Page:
In his decision, Justice McKelvey began by determining what period of reasonable notice was owed to the plaintiff. In doing so, he considered the plaintiff’s age (56 years old), the length of his employment (just over 3 years), the character of his employment (senior management), and the challenging circumstances he had faced in finding new employment, which were speculated to be likely due, at least in part, to the COVID-19 pandemic. In the end, he assessed the reasonable notice period at 7 months. He also concluded that it was reasonable to make an additional damages award equivalent to 10% of the damages awarded for reasonable notice for the plaintiff’s loss of fringe benefits during the period of reasonable notice, in keeping with other similar Ontario decisions on the issue.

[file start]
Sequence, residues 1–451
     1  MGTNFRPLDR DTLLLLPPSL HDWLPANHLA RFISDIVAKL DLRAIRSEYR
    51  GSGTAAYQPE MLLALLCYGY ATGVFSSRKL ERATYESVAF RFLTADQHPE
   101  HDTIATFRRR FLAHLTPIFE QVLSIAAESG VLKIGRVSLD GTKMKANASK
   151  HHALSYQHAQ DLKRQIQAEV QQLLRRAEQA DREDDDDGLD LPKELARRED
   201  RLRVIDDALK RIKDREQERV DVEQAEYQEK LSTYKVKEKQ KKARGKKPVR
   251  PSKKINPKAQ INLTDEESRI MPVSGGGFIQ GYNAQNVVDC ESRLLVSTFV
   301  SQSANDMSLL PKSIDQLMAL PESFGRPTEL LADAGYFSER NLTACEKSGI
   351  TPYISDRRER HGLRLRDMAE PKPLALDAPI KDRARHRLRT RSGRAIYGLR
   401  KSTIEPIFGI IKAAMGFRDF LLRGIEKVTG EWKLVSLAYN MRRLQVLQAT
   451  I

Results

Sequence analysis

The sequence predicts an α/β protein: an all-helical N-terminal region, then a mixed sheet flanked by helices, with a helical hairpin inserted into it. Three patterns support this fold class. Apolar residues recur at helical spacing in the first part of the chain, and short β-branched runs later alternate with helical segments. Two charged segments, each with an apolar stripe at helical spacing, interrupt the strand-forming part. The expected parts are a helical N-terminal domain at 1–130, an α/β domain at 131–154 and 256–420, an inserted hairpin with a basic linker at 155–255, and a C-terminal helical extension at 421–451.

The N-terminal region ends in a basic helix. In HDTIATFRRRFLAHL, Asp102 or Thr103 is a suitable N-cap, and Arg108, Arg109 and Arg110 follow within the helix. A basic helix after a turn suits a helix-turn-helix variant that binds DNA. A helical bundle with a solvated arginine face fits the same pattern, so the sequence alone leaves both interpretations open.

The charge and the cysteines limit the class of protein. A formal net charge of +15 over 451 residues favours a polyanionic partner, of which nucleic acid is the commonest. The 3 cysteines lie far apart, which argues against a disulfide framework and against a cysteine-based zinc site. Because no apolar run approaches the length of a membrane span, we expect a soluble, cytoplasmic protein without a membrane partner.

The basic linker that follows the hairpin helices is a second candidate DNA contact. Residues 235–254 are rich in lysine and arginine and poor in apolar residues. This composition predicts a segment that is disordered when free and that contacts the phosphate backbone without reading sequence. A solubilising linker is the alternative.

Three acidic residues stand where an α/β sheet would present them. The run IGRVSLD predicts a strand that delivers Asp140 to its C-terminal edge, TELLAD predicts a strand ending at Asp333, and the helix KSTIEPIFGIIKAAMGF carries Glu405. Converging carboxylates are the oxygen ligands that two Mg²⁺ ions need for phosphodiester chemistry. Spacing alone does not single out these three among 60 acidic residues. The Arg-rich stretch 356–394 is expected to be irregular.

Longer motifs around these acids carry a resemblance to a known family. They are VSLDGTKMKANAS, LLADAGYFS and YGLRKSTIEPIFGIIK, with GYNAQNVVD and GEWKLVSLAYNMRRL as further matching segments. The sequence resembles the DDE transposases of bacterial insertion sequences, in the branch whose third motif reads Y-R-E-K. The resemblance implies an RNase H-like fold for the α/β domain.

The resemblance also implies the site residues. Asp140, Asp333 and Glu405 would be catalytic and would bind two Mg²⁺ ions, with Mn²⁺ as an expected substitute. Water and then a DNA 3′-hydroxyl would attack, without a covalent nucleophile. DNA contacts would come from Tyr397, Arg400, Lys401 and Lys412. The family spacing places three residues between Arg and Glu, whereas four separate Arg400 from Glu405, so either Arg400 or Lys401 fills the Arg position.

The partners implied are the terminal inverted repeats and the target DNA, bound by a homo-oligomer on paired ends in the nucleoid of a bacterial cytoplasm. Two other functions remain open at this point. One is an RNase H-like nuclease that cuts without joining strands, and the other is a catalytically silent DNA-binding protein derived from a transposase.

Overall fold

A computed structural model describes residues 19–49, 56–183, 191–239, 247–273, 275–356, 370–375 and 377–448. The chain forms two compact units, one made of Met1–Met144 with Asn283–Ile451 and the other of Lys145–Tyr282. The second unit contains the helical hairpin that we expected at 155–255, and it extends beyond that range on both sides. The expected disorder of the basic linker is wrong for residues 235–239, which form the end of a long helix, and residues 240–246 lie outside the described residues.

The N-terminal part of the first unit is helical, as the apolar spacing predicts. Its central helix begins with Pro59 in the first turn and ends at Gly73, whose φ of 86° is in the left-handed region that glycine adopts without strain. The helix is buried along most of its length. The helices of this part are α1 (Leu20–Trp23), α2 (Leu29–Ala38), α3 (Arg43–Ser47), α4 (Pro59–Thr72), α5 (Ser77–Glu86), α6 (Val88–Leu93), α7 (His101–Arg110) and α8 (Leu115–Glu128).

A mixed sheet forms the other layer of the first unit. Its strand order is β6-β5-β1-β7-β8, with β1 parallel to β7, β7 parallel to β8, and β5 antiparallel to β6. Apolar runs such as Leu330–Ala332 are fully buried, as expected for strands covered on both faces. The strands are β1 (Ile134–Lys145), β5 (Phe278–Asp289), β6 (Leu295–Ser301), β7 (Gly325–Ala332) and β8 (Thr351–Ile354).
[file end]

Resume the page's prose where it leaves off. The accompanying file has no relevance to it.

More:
With respect to the plaintiff’s duty to mitigate his damages by seeking alternate employment, the defendants raised three issues. First, they alleged that the plaintiff had not made sufficient efforts to obtain alternate employment, as his efforts were primarily limited to updating his accounts with Indeed, Zip Recruiter and LinkedIn, as well as spending a few minutes per day reviewing job alerts and postings from these websites. Second, they alleged that the plaintiff’s job search was made more difficult as a result of his decision to make several social media posts complaining about Pinestone and his former employer. Finally, they alleged that the plaintiff – who also held a real estate license – had failed to follow up on an opportunity provided by the defendants during the termination meeting to assist them in locating properties for them to purchase. Despite the defendants’ arguments, however, Justice McKelvey held that there was no evidence that a better job search effort by the plaintiff could have resulted in him obtaining other similar employment, nor to support such an inference. Moreover, even assuming the plaintiff’s work as a real estate agent could have served as mitigation earnings, he held that there was no evidence with respect to how much could have been earned by the plaintiff on that account. Accordingly, he concluded that there was simply no basis on which to justify a reduction of the wrongful dismissal damages award for failure to mitigate.